March is colorectal cancer awareness month, so there is no better way to kick it off than a review of the current screening guidelines for colorectal cancer! There are at least three different major societies issuing slightly different guidelines on colon cancer screening. In this article, I will try to blend the different guidelines together to make a practical basic summary for the practicing physician.
Just a word about screening tests in general: Screening by definition is the act of looking for a disease in a person with no symptoms. Thus, if a patient is having signs or symptoms of a potential colorectal cancer (such as rectal bleeding, change in the bowel habits, abdominal pain, iron-deficient anemia, unintentional weight loss, etc.) then they are not in the screening category any longer. Also, the whole purpose of screening is to pick up a problem early, with the theory being that fixing a little problem is easy, rather then waiting for a little problem to grow into a big problem that may cause loss of life or other bad outcomes. So using the example of colon cancer, we do screening colonoscopy to detect and remove colon polyps (which are the precursors of colon cancer) and thus reduce the risk of developing colorectal cancer in the future.
There are several different tests that satisfy the “colorectal cancer screening” checkbox. In order to keep this information simple and practical, I will mirror the American College of Gastroenterology (ACG) guidelines in recommending a preferred testing strategy and then some alternatives. This is easier, quicker, and may lead to better outcomes than offering patients a menu of various “equal” screening choices to pick from.
If there is one take-home message for colorectal cancer screening it is this:
Start screening most people at age 50. Colonoscopy is the preferred screening test.
What if someone cannot have a colonoscopy for medical reasons, or patient preference, or if the test is not easily available? Secondary screening tests that are acceptable (from most preferred to least preferred) are the following:
- Flexible sigmoidoscopy every 5 years
- CT colonography (“virtual colonoscopy”) every 5 years
- Fecal immunochemical test (FIT) every 1 year
- Hemoccult Sensa test every 1 year
- Fecal DNA testing every 3 years
- (Of note, if any of the above alternative screening tests are positive, then a full colonoscopy needs to be done to confirm and treat the positive finding.)
What about if there is a family history of colorectal cancer?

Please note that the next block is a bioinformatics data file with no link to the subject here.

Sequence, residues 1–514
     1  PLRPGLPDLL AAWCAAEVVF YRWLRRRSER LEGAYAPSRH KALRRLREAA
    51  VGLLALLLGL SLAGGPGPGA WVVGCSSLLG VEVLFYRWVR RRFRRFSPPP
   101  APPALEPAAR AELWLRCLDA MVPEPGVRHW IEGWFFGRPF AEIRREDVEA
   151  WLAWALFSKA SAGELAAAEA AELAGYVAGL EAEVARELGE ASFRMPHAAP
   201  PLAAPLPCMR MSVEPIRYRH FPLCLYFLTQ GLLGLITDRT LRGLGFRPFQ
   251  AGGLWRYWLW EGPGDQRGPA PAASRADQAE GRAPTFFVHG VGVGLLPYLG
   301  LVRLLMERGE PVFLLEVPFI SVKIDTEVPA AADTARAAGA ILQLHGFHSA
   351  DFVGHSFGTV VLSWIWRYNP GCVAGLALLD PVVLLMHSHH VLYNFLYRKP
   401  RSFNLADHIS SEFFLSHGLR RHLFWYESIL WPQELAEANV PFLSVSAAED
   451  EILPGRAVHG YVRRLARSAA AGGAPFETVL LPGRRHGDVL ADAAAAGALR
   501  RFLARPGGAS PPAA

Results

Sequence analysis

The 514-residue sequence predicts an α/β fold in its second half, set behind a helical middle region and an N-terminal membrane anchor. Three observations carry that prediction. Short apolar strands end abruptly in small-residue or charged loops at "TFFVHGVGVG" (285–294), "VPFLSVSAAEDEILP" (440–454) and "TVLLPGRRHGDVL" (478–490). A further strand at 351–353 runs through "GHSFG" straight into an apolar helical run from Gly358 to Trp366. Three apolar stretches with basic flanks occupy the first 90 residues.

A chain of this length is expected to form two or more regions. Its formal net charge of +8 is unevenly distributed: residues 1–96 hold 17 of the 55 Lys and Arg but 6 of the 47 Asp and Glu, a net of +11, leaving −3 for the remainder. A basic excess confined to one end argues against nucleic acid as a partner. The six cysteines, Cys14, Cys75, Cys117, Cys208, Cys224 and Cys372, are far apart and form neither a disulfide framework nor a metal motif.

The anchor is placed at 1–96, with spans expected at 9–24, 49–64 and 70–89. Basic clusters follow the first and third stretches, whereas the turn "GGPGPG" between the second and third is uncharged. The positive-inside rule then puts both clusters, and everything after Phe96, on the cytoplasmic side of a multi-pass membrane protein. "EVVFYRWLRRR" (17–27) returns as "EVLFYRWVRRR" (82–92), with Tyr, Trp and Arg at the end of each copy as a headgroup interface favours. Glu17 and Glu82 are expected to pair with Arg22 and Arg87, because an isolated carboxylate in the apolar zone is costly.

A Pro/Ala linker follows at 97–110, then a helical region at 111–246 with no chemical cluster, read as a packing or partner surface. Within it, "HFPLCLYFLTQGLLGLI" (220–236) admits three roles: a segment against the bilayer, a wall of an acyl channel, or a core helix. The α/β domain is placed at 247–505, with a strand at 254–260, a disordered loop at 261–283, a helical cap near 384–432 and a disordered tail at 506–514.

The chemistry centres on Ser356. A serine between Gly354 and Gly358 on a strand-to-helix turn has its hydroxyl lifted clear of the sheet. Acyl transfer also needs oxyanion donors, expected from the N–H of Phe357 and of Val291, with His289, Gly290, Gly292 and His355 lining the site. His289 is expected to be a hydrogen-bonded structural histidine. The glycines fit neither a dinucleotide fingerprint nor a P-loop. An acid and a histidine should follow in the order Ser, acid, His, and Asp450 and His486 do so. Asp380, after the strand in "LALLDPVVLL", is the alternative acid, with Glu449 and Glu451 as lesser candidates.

- Average-risk guidelines still apply to people with only one first-degree relative with colorectal cancer diagnosed at age 60 or later.
- High-risk guidelines apply to people with one first degree relative with colorectal cancer diagnosed younger than age 60, or with two first-degree relatives diagnosed at any age:
- Screening test should be colonoscopy.
- Start screening at age 40, or 10 years younger than the age of diagnosis of the relative (whichever is earlier).
- Repeat screening colonoscopy every 5 years.
What about if there is a family history of colon polyps?
- Use the high-risk guidelines above if there is a family history of an advanced adenoma (defined as any adenoma >1 cm in size, or with high-grade dysplasia, or villous elements). An advanced adenoma is equivalent to a cancer in terms of the screening guidelines.
- For other adenomas, or non-adenomatous polyps, use average-risk guidelines.
The ACG is unique in recommending that black patients should be offered screening starting at age 45. The rationale for this is that colorectal cancer has a higher mortality in black patients, therefore by detecting it earlier more lives may be saved. The ACG notes this is a weaker strength recommendation because there is a lack of quality evidence that this strategy actually works.
Women should be screened the same way as men, starting at the same age. It is well-known that men develop polyps more commonly and at an earlier age than women, however a significant percentage of women also have colon polyps found at age 50. Therefore, the guidelines are the same for men and women.
Inflammatory bowel disease (ulcerative colitis or Crohn’s disease) patients have their own separate guidelines and therefore these guidelines do not apply. Same goes for patients with hereditary colon cancer syndromes such as FAP and HNPCC (Lynch syndrome).
Obesity and cigarette smoking are the two consistent modifiable risk factors for developing colon cancer in general, and also increase the risk of developing colorectal cancer at an earlier age. Other studies have identified heavy consumption of red meat or alcohol as similar risk factors for cancer development. The current guidelines state that there is not enough evidence to support more aggressive screening protocols in these patients, however the option to offer screening earlier is best left to the doctor and individual patient.
But what about the stool guaiac test? My doctor does a rectal exam every year during my annual physical and tells me there is no blood in my stool. Do I still need a screening colonoscopy?
Yes! “The ACG supports the joint guideline recommendation that older guaiac-based fecal occult blood testing be abandoned as a method for CRC screening” (Rex DK, et al. 2009).
In conclusion, all otherwise healthy patients should begin colorectal cancer screening at age 50. Black patients should be offered screening earlier, at age 45. Colonoscopy is the best screening test currently available. If colonoscopy cannot or will not be done, there are plenty of alternative screening tests. Remember that any screening for colorectal cancer is better than no screening at all.
Go to the next post in this series: How often do you need to repeat a negative colonoscopy?
Rex DK, Johnson DA, Anderson JC, et al. American College of Gastroenterology guidelines for colorectal cancer screening 2008. Am J Gastroenterol 2009;104:739-50.